The Solution to a Slump is Mental, not Physical
What is the main cause of slumps? If you were to look back at your past slumps or performance ruts, you would probably identify the inability to focus as the primary cause of staying stuck.
Yet, when most ballplayers are in the middle of a slump, they look for a physical or mechanical solution. Many players will take additional batting practice, work with their hitting coach, change up their mechanics, and even switch bats trying to get back on track.
But do any of these physical strategies improve your focus when you are in the batter’s box?
In our Softball and Baseball Mental Toughness Survey, a player asked about improving her ability to focus while in a slump:
“Assuming my mechanics are good, how do I focus on seeing and hitting the ball well during a slump?”
Slumps become a mental challenge that interfere with your ability to focus on the ball and react quickly.
When you ruminate and replay strikeouts, failure to move runners, missed opportunities to drive in runs, and difficulty making contact with the ball, strong negative emotions arise and battle for your attention.
When you pay attention to all the distractions during an at-bat, your body tenses up and throws off your timing.
Breaking out of a slump requires you to change your thinking or what you focus on. For example, a mental cue is a verbal or visual reminder to narrow your focus on what you want to happen.
Chicago Cubs left fielder Joc Pederson utilized a mental cue to break out of his early season slump in 2021. Pederson had one of the best pre-seasons in the Major Leagues, hitting .372, 11 extra base hits and 7 homeruns in 17 games for the Cubs.
Unfortunately, Pederson started the regular season with a bit of a slump going 0-15 at the plate in his first few games. Pederson ended his little slump by hitting a solo home run in the eighth inning of a game against the Milwaukee Brewers.
After the homerun, Pederson was awarded a waffle maker in the dugout by teammate Ian Happ. After the game, Pederson explained the meaning of the waffle maker.
PEDERSON: “We haven’t really been getting too many hits as a team. So I texted him and a couple of (other teammates) last night. He said, ‘Yeah, I’m bringing the waffle maker.’ You know, going to waffle some balls. It was pretty funny.”
The mental cue of a “waffle maker” kept Pederson focused in the present on what he wanted to do, “waffle some balls,” and not on the slump itself.
The use of mental cues allow you to to keep your hitting simple and relax your mind and body, so you can see the ball more clearly and make contact with the ball more consistently.
The key is working on your mental game instead of changing your mechanics when you are in a slump.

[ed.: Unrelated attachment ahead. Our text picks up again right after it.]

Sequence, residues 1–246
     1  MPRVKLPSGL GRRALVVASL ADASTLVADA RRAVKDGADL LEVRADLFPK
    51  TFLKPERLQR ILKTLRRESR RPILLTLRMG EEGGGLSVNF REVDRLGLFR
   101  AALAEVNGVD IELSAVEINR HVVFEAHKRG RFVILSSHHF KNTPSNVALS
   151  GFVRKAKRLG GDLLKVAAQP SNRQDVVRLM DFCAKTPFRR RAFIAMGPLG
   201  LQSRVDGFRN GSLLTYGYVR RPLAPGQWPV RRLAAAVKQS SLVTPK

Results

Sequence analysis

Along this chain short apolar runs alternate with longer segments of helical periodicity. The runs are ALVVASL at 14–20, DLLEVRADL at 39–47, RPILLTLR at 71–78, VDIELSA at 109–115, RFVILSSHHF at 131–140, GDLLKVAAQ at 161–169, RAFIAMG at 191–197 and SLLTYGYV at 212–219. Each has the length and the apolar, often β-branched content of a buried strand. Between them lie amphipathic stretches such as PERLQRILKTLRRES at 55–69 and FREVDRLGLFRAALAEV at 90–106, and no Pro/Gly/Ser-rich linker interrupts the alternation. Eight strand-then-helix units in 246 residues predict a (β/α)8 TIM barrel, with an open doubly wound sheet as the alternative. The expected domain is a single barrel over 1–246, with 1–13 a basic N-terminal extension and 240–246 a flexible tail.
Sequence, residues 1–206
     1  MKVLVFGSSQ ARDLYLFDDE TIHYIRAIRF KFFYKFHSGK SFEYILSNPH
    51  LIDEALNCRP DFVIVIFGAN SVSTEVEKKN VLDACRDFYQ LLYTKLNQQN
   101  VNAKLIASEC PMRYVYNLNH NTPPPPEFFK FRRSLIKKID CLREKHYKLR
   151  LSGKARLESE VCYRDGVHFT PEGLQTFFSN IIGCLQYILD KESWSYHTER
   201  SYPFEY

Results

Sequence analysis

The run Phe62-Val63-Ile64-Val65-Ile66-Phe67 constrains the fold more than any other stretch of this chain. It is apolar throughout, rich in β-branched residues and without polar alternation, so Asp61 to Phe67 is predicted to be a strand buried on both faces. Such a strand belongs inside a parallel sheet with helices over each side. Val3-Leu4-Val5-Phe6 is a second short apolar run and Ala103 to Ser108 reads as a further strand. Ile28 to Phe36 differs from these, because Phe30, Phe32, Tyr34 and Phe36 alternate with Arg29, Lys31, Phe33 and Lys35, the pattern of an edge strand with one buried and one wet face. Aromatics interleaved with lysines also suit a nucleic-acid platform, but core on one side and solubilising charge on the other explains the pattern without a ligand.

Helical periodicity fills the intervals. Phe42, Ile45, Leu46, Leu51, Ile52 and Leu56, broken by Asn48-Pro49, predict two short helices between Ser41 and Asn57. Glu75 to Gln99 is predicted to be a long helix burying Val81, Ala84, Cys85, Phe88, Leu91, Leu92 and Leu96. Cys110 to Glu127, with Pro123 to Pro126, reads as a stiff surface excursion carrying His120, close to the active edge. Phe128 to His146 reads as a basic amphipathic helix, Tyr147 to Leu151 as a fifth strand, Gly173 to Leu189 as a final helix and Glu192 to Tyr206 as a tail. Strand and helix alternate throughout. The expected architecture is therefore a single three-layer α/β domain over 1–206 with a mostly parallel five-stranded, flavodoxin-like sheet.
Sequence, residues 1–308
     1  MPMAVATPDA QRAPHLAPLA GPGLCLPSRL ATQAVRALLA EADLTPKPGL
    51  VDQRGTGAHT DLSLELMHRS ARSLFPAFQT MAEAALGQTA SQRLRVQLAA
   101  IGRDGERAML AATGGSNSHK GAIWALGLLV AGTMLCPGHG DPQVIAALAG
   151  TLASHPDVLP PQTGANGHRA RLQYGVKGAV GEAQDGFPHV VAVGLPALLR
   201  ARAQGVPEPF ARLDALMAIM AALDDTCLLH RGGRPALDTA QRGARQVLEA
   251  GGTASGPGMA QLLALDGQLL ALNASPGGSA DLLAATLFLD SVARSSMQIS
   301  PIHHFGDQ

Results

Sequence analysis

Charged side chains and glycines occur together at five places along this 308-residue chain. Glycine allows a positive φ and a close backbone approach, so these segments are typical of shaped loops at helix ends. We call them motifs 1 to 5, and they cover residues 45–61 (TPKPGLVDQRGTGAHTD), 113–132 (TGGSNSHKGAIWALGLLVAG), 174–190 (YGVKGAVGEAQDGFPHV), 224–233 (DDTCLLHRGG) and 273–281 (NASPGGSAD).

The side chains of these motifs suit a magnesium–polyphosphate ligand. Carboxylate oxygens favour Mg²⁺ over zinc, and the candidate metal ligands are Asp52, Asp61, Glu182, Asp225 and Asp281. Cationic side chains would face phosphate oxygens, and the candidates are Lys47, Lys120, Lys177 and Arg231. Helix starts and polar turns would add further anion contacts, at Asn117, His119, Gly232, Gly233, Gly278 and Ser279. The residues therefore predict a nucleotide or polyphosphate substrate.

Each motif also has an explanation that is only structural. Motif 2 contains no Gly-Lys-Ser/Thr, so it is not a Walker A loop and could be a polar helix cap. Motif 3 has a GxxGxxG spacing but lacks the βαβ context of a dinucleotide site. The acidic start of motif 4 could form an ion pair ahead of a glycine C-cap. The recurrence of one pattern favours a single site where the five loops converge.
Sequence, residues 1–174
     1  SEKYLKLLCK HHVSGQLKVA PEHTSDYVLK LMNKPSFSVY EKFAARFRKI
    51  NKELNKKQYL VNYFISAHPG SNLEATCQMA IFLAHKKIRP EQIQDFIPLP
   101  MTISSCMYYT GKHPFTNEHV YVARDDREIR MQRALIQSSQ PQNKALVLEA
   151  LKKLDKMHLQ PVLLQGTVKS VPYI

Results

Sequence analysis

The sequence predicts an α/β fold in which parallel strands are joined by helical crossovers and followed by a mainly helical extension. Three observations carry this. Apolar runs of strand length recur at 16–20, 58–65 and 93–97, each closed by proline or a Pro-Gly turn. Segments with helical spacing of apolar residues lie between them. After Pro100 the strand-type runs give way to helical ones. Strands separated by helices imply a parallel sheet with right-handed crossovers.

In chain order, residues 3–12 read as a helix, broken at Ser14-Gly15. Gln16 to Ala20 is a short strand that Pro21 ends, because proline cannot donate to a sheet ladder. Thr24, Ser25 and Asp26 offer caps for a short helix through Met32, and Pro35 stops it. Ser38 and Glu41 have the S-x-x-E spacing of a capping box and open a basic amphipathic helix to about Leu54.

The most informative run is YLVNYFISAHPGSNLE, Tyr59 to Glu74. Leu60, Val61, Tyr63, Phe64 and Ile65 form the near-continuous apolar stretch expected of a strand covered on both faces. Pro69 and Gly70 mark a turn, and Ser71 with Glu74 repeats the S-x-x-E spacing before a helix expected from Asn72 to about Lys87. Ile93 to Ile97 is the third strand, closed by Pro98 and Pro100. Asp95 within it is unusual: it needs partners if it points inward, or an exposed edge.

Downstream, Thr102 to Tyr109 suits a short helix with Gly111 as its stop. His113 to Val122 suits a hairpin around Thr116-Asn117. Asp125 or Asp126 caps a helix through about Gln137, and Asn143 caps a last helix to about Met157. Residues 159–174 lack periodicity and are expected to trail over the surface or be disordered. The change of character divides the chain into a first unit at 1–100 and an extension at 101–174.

Use Your Mind to Break Out of a Slump:
First, understand that slumps are usually mental and not physical. Start by simplifying your at-bats and focusing on one image.
Create a mental cue for yourself to remind you of how you want to play. See the ball–hit the ball is an example of a simple cue–or just put the ball on the ball.
Most ball players make it too complex when hitting because they are in a “fix and fiddle” mindset. Instead, do all your work during BP and then trust your skills when you’re in the game. Get back to playing athletically.
Get The Mental Edge For Baseball and Softball Players!
Do you (or your athletes) lack full confidence in your skills when you step on the field as if your game disappears at game time?
Do you lose composure easily after you make your first error of time game?
Do you feel embarrassed after striking out and carry this with you for longer than one inning?
If you answered yes to any of these questions, check out The Mental Edge For Baseball And Softball Players!
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What are baseball mental game customers saying?
“Dr. Cohn, I’ve been tearing it up lately!!! Every single thing you taught me works perfectly in every situation I’ve been in. I’ve been so into every game and focusing on the process and not the outcomes and everything falls right into place . In the playoffs I’m 5-7 with 2 run home runs and 5 RBIs. I feel great at the plate and focusing is a breeze now. I just wanted to thank you for everything and keep you posted with how everything was going.”
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“Thank you very much for taking the time to speak with our team. It was greatly appreciated and really helped a lot. I found myself implementing your teachings in our first practice right after you left. I really enjoyed the way you implemented already known ideas, but gave us a different way of viewing it. Thank you.”
~Amber Prosser, Clark College Softball